Raise Your Voice

Voice is something that I’ve heard a lot of controversy about in the writing world. It’s something that differentiates you from everyone else: how you speak, how you write, your characters, your world, your ideas. What it isn’t is grammatically related.

When I’m editing a manuscript one of the most frequent complaints I hear is “You’re changing my voice!” The truth is that unless I rewrite the manuscript or pour literary bleach all over it (imagine me cackling evilly if it helps!) I can’t really destroy your “voice”. Your manuscript is your voice and nothing I would change, as an editor, would hurt it.

Voice is your unique, literary fingerprint. Cleaning up your grammar, even adding a few words or phrases, and putting some errant bits together will not damage your almighty “voice”.

There has been an unfortunate trend that I have noticed, also, where authors confuse “voice” with ego. Everything in their work is their “voice” and changing anything immediately becomes an affront to their almighty “voice”. I see this more often with the students (victims) of literary workshops and writing degrees. The emphasis on “voice” there is outrageous and honestly it’s more than is necessary. Much like their emphasis on hating “cliches” but that’s another discussion for another time.

About.com defines “voice” as the following:

Definition: Voice has two meanings as it concerns creative writers:

  • Voice is the author’s style, the quality that makes his or her writing unique, and which conveys the author’s attitude, personality, and character; or
  • Voice is the characteristic speech and thought patterns of a first-person narrator; a persona. Because voice has so much to do with the reader’s experience of a work of literature, it is one of the most important elements of a piece of writing.


Those things are difficult for an editor to change by making a few word changes, fixing grammar, and even adding in a whole sentence (God forbid!). Trust me. It’s my job to know these things and changing an author’s “voice” is more difficult than you might think. Keep in mind that your voice is more than simply how you string sentences together – your voice is in the heart of your plot, in the lives of your characters, in the soul of the novel itself. Unless you have an editor that wants to do to your novel what the “Avatar: The Last Airbender” movie did to the television series (yeah, I went there) then you don’t have anything to be afraid of. I promise.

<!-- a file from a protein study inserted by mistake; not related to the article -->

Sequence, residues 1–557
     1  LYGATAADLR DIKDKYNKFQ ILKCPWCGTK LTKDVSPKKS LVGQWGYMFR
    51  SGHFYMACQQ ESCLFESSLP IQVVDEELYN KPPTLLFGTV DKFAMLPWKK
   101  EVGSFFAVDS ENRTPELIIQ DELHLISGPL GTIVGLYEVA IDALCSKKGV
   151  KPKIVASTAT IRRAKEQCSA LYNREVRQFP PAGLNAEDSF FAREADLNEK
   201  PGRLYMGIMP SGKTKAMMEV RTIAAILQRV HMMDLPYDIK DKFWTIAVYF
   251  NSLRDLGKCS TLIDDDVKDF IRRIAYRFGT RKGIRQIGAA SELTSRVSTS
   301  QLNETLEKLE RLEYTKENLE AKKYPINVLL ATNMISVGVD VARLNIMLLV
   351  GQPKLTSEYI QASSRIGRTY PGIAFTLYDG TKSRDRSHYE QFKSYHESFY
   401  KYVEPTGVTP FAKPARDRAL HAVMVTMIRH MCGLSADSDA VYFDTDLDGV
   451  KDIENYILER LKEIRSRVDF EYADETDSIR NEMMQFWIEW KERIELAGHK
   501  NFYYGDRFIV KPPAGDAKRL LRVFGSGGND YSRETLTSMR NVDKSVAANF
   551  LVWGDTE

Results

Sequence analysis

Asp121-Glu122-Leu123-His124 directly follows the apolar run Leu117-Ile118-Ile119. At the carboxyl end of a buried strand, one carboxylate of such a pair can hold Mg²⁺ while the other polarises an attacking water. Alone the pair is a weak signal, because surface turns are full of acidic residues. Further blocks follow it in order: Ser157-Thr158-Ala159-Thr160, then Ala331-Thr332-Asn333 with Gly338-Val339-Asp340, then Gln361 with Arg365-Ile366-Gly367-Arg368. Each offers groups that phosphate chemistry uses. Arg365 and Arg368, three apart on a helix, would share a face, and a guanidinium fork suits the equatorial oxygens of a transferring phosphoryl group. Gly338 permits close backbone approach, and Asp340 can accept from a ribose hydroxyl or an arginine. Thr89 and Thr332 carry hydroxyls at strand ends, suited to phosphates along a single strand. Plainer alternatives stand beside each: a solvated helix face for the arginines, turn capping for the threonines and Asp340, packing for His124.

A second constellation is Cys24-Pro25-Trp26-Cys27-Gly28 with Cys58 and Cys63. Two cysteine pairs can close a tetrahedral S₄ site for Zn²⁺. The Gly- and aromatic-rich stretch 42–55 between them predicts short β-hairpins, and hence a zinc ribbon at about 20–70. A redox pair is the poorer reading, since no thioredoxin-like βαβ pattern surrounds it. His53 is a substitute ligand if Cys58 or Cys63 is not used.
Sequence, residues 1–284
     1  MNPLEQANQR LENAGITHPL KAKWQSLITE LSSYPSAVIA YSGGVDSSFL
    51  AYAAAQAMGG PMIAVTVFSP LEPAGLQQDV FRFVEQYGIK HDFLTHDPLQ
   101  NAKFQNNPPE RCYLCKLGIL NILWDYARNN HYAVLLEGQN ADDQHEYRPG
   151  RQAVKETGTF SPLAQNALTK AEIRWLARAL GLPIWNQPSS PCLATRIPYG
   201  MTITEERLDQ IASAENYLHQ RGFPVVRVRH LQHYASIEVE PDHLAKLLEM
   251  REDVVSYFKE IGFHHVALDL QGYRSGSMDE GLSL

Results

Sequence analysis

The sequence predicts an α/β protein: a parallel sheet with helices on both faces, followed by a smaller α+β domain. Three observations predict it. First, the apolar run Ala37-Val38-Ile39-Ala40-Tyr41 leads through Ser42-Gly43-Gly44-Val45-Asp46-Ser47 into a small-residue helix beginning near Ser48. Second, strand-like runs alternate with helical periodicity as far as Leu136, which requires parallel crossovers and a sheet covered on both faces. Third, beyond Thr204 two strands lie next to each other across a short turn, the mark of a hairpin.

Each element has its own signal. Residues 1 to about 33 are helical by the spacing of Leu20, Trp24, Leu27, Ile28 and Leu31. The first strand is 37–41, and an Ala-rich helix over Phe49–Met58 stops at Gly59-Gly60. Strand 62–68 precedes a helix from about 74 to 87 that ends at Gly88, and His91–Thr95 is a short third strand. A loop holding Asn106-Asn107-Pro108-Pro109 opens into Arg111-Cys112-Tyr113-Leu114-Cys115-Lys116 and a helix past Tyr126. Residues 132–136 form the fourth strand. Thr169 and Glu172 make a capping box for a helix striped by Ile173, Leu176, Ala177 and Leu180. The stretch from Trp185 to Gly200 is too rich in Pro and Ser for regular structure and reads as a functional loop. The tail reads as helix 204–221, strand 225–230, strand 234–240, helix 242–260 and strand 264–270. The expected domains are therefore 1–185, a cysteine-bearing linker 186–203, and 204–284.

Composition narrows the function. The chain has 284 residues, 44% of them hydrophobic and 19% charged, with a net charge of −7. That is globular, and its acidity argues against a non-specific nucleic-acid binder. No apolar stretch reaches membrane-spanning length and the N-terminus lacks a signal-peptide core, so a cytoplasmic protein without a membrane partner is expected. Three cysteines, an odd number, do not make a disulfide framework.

6 thoughts on “Raise Your Voice

  1. Oh that last part was vicious! 😀

    I once (well, actually, several times) read a book called Ode to a Banker by Lindsey Davis, where some of the characters make a joke about how too many young writers’ literary workshops are spent “trying to find their voice” instead of actually writing.

    And you definitely wrested a chuckle from me at your “victims” quip. Very entertaining and well-thought-out post.

    1. I absolutely agree with you. You don’t need to “find your voice”, you already have it. And if you don’t there’s usually nothing that can be done to save you. Voice is an integral part of writing, but it’s more important to learn the mechanics and then add the flavor. Kind of like in cooking, you need to learn how to make the soup before you can start tossing random things into it. If you don’t have any idea what you’re doing at all then you’ll end up with bathwater that’s vaguely chicken-flavored.

  2. The difference between unique voice and poor grammar is quite distinct. As an editor, you realize the impossibility of quashing their voice through manuscript editing. Enjoyed your post.

    1. Thank you. It is indeed absolutely impossible for me to crush a writer’s voice through editing unless I’m rewriting a manuscript (which does happen sometimes if it’s just that necessary). And even then, it’s my job to make sure that their voice isn’t squashed, but at the same time grammatical or writing mechanical mistakes do not a “voice” make.

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